Fertility in Austria

In the recent decade, Austria and Germany have been among the few western countries in which birth rates are not decreasing – the rates are even increasing slightly. "We think it is due to the policy – including family bonus, maternity leave or free kindergarten – that came at exactly the right time. A lot of women aged 30 or older want a child and now they have a policy that helps them to combine having children and working. It looks like it really worked."

Compared to Italy, there has been less postponement in Austria – the average age at which women have their first child in Austria is 29. "Another good thing about Austria is that ART is partly reimbursed (but only until the age of 40) and compared to other countries, it is rather cheap."

How do you respond to the current Semester Question "What do we still value?"

Eva Beaujouan: Well visibly and despite all the crises we still value having children. Even in countries in the world where fertility is really low – South Korea, Italy, Spain or even Austria – people consider family sizes of two children on average as ideal and most people declare that they want to have at least two children when they are still young. In addition, COVID-19 suppressed fertility in some countries, but in other countries such as Germany or Austria, people continued having – and wanting – children throughout the pandemic (see the monthly fluctuations in births across countries here). Young people do not intend to have a child right now, but getting organised so that they can form their own family later remains a central aspect in the life of many. Join the discussion: Forum+ on "DerStandard" (in German)

"What if" all women having infertility problems would take up ART?

In most western countries, the postponement of having children started in the 1970s and the strongest increase was seen in the past 30 years. "We are looking at birth cohorts of women who had their children in that period – so we go back to women who were born in the 1950s", explains the demographer. "You need to observe them until they are 45. It means that we are able to study women born no later than in 1975.” The team then forecasts their behaviour for about ten additional years. It evaluates the importance of the conditions surrounding people in their later reproductive years – including ART uptake – for future fertility levels, answering “What if?” questions.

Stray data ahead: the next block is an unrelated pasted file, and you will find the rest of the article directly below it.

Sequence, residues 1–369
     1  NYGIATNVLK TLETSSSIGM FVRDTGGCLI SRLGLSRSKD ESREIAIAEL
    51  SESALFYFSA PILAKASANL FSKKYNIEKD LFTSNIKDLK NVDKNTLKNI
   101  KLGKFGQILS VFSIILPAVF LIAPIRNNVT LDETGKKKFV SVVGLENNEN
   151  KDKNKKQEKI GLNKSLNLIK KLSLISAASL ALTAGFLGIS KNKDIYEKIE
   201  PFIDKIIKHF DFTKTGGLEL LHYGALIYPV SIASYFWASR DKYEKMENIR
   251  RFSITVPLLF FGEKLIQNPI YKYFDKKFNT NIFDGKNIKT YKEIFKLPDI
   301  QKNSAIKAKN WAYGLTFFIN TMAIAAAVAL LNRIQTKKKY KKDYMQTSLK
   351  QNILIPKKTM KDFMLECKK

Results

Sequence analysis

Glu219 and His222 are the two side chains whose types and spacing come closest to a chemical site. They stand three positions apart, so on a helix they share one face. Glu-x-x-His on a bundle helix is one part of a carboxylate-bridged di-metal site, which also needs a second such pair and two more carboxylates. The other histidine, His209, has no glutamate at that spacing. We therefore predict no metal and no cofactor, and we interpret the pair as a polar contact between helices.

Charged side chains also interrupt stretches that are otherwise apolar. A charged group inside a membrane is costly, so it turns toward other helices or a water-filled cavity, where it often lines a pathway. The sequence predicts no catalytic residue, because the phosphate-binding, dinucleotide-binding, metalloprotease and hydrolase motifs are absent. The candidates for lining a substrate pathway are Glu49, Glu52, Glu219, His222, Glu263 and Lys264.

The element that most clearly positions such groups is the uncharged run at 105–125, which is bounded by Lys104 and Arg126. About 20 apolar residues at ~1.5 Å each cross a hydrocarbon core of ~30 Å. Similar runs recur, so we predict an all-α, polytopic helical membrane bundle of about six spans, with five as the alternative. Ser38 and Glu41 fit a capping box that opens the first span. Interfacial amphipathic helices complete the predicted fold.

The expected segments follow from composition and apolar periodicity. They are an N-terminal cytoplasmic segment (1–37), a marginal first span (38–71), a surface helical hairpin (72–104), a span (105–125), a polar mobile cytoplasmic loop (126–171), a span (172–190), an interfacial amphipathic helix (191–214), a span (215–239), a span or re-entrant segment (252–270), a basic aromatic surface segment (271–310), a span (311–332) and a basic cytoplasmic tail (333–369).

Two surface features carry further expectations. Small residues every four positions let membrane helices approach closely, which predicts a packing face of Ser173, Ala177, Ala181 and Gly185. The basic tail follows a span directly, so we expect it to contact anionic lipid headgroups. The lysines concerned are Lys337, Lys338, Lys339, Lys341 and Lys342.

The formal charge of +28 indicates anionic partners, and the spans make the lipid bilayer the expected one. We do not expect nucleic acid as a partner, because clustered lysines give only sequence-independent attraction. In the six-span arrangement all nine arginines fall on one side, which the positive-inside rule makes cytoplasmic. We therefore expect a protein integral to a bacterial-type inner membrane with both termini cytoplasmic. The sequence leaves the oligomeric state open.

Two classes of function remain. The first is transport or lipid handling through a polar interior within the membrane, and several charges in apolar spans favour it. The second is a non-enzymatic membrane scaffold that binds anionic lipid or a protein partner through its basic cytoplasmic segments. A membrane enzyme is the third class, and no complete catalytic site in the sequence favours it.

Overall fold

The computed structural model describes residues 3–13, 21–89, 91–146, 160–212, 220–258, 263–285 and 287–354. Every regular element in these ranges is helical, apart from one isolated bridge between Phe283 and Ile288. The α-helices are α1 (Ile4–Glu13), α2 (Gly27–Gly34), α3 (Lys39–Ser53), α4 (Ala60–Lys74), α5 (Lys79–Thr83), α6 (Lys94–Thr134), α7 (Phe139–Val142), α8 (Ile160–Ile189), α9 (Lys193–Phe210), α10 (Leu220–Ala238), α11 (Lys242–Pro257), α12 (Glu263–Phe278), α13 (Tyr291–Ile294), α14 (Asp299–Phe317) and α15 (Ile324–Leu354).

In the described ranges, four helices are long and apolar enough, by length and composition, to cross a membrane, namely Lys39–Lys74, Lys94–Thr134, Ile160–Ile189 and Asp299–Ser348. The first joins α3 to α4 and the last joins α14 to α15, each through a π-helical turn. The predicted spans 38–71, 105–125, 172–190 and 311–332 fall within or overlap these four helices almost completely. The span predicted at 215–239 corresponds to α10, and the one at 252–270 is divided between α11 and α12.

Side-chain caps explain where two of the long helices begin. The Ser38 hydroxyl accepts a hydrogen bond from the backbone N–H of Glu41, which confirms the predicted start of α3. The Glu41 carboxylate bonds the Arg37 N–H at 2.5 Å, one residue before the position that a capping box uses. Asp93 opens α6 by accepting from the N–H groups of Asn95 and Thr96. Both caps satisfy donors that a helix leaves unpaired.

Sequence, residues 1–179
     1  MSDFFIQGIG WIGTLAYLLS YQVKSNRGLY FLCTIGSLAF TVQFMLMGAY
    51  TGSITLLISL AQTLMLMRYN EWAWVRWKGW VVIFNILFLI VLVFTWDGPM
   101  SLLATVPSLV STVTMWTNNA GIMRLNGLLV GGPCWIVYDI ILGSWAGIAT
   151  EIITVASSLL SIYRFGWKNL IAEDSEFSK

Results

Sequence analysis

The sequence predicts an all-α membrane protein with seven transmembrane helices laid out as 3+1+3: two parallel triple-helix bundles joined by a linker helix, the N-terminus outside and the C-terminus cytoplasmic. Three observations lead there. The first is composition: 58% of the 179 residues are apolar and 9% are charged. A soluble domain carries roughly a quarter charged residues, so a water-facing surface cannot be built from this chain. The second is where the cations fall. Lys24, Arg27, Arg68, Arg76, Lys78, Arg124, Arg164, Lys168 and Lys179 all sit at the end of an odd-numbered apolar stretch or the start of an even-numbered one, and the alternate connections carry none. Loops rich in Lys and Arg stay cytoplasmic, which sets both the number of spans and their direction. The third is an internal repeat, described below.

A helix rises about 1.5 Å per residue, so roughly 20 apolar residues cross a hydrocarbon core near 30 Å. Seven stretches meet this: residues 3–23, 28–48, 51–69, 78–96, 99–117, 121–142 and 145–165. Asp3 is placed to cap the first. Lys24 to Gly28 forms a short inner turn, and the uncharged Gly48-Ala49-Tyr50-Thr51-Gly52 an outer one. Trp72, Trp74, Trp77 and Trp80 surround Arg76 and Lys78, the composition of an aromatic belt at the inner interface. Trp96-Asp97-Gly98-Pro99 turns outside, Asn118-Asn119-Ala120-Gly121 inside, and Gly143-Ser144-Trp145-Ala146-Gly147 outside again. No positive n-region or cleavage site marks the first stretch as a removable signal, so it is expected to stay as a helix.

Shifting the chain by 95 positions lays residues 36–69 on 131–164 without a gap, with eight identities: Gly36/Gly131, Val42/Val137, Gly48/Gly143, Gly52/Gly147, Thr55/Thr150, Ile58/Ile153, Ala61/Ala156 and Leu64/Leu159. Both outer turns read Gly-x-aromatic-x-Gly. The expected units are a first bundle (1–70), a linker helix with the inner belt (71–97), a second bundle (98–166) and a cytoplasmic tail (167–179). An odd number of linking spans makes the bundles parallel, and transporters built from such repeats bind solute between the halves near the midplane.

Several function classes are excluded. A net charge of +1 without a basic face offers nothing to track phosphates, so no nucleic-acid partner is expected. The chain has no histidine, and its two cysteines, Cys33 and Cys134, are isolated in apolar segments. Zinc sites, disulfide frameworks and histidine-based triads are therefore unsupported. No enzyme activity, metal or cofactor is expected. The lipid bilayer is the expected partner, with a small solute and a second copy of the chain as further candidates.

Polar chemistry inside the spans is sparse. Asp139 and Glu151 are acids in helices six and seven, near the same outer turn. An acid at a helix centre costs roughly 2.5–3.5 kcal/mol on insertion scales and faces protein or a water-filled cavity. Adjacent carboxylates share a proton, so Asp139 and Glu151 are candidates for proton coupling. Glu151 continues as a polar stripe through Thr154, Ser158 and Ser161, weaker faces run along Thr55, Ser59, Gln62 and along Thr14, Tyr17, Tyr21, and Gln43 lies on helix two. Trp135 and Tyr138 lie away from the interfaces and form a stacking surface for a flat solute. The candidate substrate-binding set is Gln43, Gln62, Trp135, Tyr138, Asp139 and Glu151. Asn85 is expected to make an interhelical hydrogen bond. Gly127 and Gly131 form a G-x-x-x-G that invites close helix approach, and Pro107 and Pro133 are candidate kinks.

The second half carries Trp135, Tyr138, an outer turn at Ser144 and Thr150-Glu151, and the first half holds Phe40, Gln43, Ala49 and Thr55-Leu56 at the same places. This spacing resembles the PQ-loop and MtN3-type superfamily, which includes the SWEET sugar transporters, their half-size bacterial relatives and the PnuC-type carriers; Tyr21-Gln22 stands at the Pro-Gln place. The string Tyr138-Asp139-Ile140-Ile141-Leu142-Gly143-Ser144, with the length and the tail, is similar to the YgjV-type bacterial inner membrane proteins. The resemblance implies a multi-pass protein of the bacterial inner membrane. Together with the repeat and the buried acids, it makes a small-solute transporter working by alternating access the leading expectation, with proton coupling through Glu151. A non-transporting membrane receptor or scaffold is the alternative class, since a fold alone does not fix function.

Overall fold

Demographers use mostly secondary data. This means that the scientists are not asking people to take part in a survey, but they use existing surveys that have been carried out or are carried out regularly and that have already passed the ethical screening. For example, one survey that Eva Beaujouan uses for her research is the Generations and Gender Surveys that is carried out across Europe regularly. This survey asks about 10,000 men and women about their life, their education and their values. "We can use this data to study the link between people’s characteristics and their childbearing behaviour", says Eva Beaujouan. "Our main aim is to get a clearer picture about fertility rates by comparing the data of different countries to see what can improve the ability of people to have children at the time they want."

Eva Beaujouan from the Department of Demography at the University of Vienna received an ERC Consolidator Grant in 2020 for her project "BIC.LATE, Biological, Individual and Contextual Factors of Fertility Recovery", which will run until 2026. As part of this project, she and her team look at the factors of fertility at older ages, i.e. by studying the conditions people meet if they have children in their 30s and 40s. Eva Beaujouan is also the principal investigator of the FWF stand-alone project Later Fertility in Europe (January 2019-June 2023). As part of this project, she and her team draw a picture of "late fertility" across low-fertility countries and study the consequences of childbearing postponement for childlessness and completed fertility. BIC.LATE receives funding from the European Research Council (ERC) under the European Union’s Horizon 2020 research and innovation programme (grant agreement No 101001410). © Francesco Vuolo